Here in northern flyover country we focus upon the two most stunning changes to our landscape. We meticulously keep track of the “freeze-up” dates when our lakes freeze over for winter and of course the dates when our lakes open back up. Both occurrences impact us and most lakes have many years of statistics regarding these events.
When else but spring. Where else but Minnesota. As the last vestiges of winter melted and the first signs of spring appeared, winter returned with a vengeance.
The Prairie Smoke plants by my office door had begun to green up and bud, the robins had been snowed upon twice, and the wild geese were nesting. A foot of snow driven by 60 mile per hour winds and heralded by thunder put on hold any thoughts of planting potatoes or mowing grass.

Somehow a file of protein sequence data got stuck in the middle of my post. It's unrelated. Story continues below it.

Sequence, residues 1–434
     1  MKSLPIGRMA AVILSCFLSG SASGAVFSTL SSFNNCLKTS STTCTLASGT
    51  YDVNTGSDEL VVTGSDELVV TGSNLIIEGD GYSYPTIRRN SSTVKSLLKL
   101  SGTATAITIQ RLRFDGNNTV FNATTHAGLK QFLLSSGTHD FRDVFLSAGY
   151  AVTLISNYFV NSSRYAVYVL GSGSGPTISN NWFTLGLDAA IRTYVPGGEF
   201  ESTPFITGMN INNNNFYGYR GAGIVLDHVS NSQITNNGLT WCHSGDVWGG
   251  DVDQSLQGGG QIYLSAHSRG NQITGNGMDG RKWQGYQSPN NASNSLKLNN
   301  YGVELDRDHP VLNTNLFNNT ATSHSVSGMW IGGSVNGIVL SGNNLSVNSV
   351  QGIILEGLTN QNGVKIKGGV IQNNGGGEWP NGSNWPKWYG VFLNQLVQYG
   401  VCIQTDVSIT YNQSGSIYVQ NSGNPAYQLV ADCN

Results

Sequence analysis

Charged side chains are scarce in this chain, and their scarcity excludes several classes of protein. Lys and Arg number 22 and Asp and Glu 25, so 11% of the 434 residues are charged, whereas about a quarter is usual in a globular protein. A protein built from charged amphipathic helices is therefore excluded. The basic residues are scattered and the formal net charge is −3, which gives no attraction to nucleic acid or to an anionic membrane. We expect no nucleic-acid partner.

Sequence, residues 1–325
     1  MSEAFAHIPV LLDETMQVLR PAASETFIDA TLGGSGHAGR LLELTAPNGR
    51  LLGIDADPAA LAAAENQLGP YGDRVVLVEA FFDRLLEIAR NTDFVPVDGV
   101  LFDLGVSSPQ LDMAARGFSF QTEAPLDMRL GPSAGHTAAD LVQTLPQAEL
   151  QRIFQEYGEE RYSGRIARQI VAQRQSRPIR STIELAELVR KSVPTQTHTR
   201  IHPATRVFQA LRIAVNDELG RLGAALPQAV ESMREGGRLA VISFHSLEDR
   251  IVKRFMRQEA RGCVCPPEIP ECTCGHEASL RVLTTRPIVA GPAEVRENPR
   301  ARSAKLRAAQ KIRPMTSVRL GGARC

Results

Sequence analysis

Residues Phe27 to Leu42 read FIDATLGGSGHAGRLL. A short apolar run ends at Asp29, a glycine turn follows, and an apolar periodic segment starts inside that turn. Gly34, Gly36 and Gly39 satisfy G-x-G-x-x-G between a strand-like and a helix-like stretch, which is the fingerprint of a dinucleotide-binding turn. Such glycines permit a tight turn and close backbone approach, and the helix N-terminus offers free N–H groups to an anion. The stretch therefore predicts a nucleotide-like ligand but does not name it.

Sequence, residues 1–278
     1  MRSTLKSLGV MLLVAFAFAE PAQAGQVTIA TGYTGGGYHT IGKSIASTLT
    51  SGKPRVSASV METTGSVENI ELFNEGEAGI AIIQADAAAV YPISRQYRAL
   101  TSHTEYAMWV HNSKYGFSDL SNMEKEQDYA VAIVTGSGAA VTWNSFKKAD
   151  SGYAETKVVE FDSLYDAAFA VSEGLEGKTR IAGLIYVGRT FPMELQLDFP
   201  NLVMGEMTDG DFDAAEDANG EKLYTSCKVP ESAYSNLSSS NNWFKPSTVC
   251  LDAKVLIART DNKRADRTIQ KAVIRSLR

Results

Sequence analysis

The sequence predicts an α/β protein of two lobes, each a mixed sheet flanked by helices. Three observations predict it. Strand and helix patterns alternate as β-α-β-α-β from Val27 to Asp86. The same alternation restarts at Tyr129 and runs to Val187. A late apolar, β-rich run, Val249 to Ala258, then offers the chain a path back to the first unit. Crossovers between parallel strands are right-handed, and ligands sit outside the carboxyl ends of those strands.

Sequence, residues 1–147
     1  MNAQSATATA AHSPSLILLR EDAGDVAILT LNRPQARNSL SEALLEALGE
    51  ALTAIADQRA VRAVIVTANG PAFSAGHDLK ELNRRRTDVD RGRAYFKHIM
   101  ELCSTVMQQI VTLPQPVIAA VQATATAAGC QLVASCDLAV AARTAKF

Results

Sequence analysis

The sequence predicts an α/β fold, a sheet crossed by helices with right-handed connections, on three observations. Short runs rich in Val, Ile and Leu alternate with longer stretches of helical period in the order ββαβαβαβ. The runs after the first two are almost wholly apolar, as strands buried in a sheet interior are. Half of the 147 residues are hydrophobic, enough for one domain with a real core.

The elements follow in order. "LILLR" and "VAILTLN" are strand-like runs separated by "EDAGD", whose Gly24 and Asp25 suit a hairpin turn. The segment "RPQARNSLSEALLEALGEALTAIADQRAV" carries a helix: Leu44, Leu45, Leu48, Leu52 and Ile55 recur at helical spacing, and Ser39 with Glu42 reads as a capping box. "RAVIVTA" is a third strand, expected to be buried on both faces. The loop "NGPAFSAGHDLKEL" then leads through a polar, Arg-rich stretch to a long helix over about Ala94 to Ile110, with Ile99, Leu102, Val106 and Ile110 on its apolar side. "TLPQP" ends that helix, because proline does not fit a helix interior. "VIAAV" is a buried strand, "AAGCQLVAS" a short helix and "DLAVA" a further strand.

The old adage of the robins being snowed on three times before winter is over has been covered now. The only problem is that last year they were snowed on about six times. It seems we should have some real spring coming to us soon. We will see.
Being transplanted has always been a traumatic experience. It might relate to moving, immigration, or just re-evaluating our opinions. Moving is hectic and a lot of work, but can result in a better place to live or a better job. Moving to a new place entirely can cause heartache and a sense of loss, but can also open up new possibilities. Sometimes we do have to change and upgrade our opinions and this too can be hard but at the same time rewarding.
Transplanting seedlings in the greenhouse can cause some short term shock for the plants but ultimately it opens up a new and larger growing space where plants can flourish and reach their fullest potential. We are now much engaged in the transplanting process in our greenhouses. The potential seems to be huge as we race toward spring.
Gene R. Stark
A teacher, farmer, trapper, and greenhouse grower. He writes about the outdoors and the people and culture of rural America..